Marc
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Old 05-01-2009, 02:52 PM   #21
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Quote:
Originally Posted by SilverGate View Post
Update: I continue to stand by the above statement and I continue to never intentionally use the switch in the disconnect position and I don't intend to get into a debate about this.
SilverGate
Update: I no longer stand by the above statement. When I had problems with my Parallax converter, I found that it was very useful in diagnosing my problem to turn the Battery Disconnect Switch to "Store" (which separates the battery power from the trailer). I then used a voltmeter on the converter DC output connections and found that it was producing insufficient power and needed to be replaced (twice!)

Just before replacing the Parallax converter with the Xantrex XADC 60A, I disconnected the AC shore power and disconnected the DC battery power to the converter by turning the Battery Disconnect Switch to "Store". (Note: although this worked for me, it is generally recommended that the batteries should be disconnected at the battery terminals to ensure safety.)

See: Parallax Converter Replacement with Xantrex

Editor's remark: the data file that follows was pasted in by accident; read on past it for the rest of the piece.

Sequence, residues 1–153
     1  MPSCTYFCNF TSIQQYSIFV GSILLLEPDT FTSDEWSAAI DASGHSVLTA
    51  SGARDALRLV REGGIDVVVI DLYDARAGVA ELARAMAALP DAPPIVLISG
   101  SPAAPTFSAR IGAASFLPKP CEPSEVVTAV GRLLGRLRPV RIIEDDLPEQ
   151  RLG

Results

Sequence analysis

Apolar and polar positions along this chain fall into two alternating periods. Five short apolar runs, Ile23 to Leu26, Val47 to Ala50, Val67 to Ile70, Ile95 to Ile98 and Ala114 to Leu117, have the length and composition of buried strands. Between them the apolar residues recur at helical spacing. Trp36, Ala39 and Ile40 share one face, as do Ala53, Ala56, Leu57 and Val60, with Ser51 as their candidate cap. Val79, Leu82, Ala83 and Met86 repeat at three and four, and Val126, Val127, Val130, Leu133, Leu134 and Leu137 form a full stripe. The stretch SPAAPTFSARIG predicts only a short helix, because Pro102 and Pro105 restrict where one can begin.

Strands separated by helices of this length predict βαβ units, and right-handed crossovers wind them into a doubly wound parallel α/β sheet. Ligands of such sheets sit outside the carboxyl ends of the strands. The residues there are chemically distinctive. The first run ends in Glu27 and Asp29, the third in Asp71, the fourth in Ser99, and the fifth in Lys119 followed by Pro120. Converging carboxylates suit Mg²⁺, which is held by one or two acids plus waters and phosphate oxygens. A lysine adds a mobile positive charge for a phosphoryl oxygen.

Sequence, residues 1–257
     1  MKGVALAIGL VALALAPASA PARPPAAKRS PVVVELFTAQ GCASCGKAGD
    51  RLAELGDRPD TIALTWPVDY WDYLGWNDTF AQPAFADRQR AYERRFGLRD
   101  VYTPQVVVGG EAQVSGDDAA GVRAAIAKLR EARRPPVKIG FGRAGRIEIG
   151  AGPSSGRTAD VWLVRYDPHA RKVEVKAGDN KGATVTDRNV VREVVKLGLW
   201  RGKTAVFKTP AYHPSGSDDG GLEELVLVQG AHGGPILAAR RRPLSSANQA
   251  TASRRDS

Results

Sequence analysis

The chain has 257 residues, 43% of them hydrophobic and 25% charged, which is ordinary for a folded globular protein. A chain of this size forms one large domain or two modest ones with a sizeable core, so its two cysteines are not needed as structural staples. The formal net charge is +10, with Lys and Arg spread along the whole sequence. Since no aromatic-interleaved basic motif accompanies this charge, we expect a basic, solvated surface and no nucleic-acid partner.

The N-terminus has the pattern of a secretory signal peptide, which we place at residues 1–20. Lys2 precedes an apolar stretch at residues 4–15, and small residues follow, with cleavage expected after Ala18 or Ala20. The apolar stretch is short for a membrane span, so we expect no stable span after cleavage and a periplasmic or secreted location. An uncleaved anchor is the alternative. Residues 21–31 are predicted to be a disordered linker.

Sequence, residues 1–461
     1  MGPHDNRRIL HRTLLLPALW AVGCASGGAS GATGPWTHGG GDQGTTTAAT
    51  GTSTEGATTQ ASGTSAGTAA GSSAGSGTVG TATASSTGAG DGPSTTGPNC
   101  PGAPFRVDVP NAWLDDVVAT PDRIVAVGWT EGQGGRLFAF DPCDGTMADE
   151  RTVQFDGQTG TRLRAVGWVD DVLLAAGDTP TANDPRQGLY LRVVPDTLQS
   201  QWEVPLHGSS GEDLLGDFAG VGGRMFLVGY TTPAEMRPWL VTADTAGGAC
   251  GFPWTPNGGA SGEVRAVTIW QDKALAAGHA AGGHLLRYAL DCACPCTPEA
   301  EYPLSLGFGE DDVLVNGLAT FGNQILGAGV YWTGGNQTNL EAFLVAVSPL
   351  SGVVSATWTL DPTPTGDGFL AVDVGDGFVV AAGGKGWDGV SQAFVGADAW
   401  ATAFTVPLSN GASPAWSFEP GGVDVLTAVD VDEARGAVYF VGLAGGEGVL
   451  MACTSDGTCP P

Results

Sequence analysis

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Old 05-06-2009, 07:43 PM   #22
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Hey All,

After reading the posts in this thread, I finally figured out why the batteries in our trailer never charged when connected to shore power. It is because the red LED when lit does not indicate the position of the solenoid when the trailer is connected to shore power. Therefore, I asked my 12 year-old son Alex to develop a electronic solution to this problem. He came up with the idea to use a CMOS 4013 flip-flop IC to control the lighting of new LEDS to indicate whether the battery disconnect solenoid is in the use (charging batteries) or store (not charging batteries) position. We drilled two holes in the face plate for surface mount LEDS and one for the toggle switch shown. In the pictures in this post, the trailer is connected to shore power. The blue LED indicates that the batteries are charging and the green LED shows that the batteries are disconnected.
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So that the LEDS do not drain the batteries when off shore power, Alex included a DPDT toggle switch to cut power to the blue/green LEDS only. The toggle switch in the off position does not cut 12 volt power to the IC, thereby allowing the flip-flop to remember the solenoid's state.
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In hopes that this will be useful to other Air Forum-ers, Alex has also included a photograph of the circuit board (attached with screws to the circuit board of the panel), and a circuit diagram. The brightness of the blue/green LEDS is easily adjusted by changing the resistance in series with the LEDS.